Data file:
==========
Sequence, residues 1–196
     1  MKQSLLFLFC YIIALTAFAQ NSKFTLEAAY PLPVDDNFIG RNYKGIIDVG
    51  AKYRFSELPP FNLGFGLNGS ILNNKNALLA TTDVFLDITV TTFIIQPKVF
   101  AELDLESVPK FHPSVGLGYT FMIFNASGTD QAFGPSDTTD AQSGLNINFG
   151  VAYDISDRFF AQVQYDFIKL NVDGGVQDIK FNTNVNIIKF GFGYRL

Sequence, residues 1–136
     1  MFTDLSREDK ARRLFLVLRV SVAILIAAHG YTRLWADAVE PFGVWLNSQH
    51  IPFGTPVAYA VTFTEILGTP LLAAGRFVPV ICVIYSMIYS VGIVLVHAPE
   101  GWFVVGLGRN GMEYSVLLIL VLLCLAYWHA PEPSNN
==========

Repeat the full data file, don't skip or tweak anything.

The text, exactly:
Sequence, residues 1–196
     1  MKQSLLFLFC YIIALTAFAQ NSKFTLEAAY PLPVDDNFIG RNYKGIIDVG
    51  AKYRFSELPP FNLGFGLNGS ILNNKNALLA TTDVFLDITV TTFIIQPKVF
   101  AELDLESVPK FHPSVGLGYT FMIFNASGTD QAFGPSDTTD AQSGLNINFG
   151  VAYDISDRFF AQVQYDFIKL NVDGGVQDIK FNTNVNIIKF GFGYRL

Sequence, residues 1–136
     1  MFTDLSREDK ARRLFLVLRV SVAILIAAHG YTRLWADAVE PFGVWLNSQH
    51  IPFGTPVAYA VTFTEILGTP LLAAGRFVPV ICVIYSMIYS VGIVLVHAPE
   101  GWFVVGLGRN GMEYSVLLIL VLLCLAYWHA PEPSNN